While chemotherapy is often a life-saving treatment for cancerous tumors, choosing the right chemo for each patient remains an unmet clinical challenge. Furthermore, current chemotherapies cause harsh side effects and damage healthy organs alongside the tumors.

“We want physicians to have better tools for predicting which drugs would be best for each patient, and get them to the target site more efficiently,” says Prof. of Chemical Engineering Avi Schroeder, Head of the Technion Laboratory for Targeted Drug Delivery and Personalized Medicine Technologies.

Prof. Avi Schroeder

Prof. Avi Schroeder

Drug delivery systems in use today surprisingly dispatch only 10% or less of a drug dose to the tumor, with the remaining 90% distributed elsewhere in the body. “It’s better than untargeted systems, but it’s far from ideal,” says Prof. Schroeder.

Schroeder and his team are developing nanosized “factories” that manufacture protein-based cancer drugs inside the body upon reaching the tumor site. Mimicking the protein-manufacturing strategy found in nature, the factories contain ribosomes, amino acids and enzymes—the building blocks needed to synthesize the desired protein-based drug.

At 150 nanometers or smaller—1/1,000 the diameter of a strand of hair, these factories are injected into the patient and circulate in the blood until finding the tumor. Since many tumors have leaky blood vessels with pores that are several hundred nanometers wide, these factories are small enough to penetrate.

Other researchers have developed systems that release drugs inside the tumor, but Prof. Schroeder and his team are the first to manufacture drugs inside the tumor. “This is the first proof of concept that you can actually synthesize new compounds from inert starting materials inside the body,” says Schroeder.

His system promises to allow physicians to tailor drugs specifically for each patient, and will allow the patient to receive a more concentrated dose of the drug only where it is necessary, thus escaping the harsh side effects.

After earning his PhD at Ben Gurion University and postdoctoral studies at MIT with Prof. Robert Langer, Schroeder returned to Israel. Courted by several universities, he received a Horev Fellowship through the Henry and Marilyn Taub Foundation Leaders In Science and Technology Faculty Recruitment Program, and accepted a position at the Technion in 2012.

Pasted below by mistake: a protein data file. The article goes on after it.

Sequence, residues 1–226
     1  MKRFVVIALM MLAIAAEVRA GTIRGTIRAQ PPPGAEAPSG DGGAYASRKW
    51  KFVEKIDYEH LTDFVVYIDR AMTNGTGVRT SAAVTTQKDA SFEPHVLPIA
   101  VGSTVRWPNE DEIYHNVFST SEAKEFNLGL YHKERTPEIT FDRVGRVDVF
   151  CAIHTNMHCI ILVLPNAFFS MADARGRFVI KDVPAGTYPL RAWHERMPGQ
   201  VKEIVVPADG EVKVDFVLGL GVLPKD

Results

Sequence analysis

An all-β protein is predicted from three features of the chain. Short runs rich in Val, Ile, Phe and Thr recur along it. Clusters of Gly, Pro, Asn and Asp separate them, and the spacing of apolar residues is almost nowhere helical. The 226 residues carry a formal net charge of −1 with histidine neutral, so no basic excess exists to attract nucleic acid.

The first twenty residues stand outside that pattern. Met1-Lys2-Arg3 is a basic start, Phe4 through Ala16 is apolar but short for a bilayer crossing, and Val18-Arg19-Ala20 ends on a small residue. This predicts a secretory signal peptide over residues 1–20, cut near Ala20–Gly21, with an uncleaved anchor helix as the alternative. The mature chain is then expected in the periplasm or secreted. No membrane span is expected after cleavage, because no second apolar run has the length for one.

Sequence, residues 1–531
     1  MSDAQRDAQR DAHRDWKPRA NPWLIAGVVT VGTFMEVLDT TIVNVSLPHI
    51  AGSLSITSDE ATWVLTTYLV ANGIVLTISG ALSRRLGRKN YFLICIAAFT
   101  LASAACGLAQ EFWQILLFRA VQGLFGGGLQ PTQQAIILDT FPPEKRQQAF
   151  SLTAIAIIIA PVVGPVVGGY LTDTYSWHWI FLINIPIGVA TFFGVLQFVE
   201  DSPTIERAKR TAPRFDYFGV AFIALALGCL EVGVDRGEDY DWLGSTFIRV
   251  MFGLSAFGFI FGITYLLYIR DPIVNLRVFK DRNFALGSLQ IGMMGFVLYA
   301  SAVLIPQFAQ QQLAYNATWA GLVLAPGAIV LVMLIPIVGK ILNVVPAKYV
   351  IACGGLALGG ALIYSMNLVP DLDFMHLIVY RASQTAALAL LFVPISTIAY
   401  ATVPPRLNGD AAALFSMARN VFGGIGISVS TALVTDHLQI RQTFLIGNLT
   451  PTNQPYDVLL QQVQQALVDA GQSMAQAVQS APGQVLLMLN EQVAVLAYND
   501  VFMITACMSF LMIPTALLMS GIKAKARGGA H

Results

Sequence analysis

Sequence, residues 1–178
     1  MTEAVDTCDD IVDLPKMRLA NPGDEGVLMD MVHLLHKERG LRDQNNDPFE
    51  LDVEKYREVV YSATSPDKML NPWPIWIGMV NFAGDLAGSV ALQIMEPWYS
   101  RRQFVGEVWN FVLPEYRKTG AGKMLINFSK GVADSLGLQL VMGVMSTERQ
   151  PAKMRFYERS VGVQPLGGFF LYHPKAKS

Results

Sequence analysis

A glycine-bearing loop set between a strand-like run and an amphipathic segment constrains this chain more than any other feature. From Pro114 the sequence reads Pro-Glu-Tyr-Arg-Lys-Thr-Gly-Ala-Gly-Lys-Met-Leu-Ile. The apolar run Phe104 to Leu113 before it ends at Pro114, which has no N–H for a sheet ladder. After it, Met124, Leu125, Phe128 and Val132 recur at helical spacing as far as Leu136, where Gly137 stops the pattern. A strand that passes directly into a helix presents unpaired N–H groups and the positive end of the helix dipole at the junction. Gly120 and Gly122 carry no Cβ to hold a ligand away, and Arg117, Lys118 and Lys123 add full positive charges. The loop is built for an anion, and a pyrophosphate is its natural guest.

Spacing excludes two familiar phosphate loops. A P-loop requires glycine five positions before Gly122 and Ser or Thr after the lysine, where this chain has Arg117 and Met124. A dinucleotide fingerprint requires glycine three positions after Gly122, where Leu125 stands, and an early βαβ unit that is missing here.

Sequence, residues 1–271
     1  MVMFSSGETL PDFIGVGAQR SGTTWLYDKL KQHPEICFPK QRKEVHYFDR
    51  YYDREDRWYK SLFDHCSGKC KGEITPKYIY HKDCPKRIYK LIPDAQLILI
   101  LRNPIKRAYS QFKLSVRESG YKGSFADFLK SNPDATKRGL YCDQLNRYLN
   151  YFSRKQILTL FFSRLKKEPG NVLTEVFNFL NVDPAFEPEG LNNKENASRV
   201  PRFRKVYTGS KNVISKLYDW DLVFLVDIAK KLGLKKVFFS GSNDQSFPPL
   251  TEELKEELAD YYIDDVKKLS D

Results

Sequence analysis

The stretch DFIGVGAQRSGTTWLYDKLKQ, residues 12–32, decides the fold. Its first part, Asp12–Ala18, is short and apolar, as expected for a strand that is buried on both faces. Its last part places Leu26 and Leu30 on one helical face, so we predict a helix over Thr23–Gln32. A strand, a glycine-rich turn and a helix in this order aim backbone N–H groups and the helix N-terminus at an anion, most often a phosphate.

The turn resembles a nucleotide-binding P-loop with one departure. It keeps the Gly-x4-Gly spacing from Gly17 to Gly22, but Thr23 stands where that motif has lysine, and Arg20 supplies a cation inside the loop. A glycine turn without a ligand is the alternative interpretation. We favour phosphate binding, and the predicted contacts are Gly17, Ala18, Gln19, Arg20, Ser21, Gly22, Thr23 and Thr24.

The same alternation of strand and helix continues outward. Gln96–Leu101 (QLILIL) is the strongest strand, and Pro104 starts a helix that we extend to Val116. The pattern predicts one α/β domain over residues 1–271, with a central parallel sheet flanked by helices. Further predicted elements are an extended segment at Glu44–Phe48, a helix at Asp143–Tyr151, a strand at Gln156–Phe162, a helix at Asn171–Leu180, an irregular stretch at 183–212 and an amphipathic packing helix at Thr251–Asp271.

Prof. Schroeder is widely published and has received more than 20 awards including TevaTech Graduate Student Award in Chemistry and Biology, Intel PhD-Student Award for Research in Nanotechnology, the Wolf Foundation PhD-Student Award, the prestigious Polymer Advanced Technologies 2013 Young Scientific Talents Award, and the Allon Fellowship.

Technion-Israel Institute of Technology is a global community. In this video students and President Prof. Peretz Lavie wish you Happy New Year for 2015 in 14 different languages.
Technion is the place where dreams come true.

In order of appearance:

  • Eric Yudin in English – Computer Science
  • Johanna Wallin in Swedish – Civil & Environmental Engineering
  • Tali Tazazo in Amharic – Electrical Engineering
  • Eshhar Tal in Hebrew – Civil & Environmental Engineering
  • Efrat Vitchevsky in Russian – Medicine
  • Micael Zollmann in Afrikaans – Civil & Environmental Engineering
  • Ahmad Omari in Arabic – Energy Program
  • Michal Brodeschi in Portuguese – Architecture & Town Planning
  • Rashmi Kothari in Hindi – Chemistry
  • Wen-Hui Hung in Chinese – Industrial Engineering & Management
  • Fred Xie in Chinese – Civil & Environmental Engineering
  • Hanqi He in Chinese – Civil & Environmental Engineering
  • Davide Schaumann in Italian – Architecture & Town Planning
  • Irene Alvarez-Sostres in Spanish – Architecture & Town Planning
  • Deborah Cohen in French – Electrical Engineering
  • Dr. “Bob” Shillman in English – A Man and a Cat Called Yitz
  • Prof. Peretz Lavie in English – Technion President
  • Valentin Garbe in German – Electrical Engineering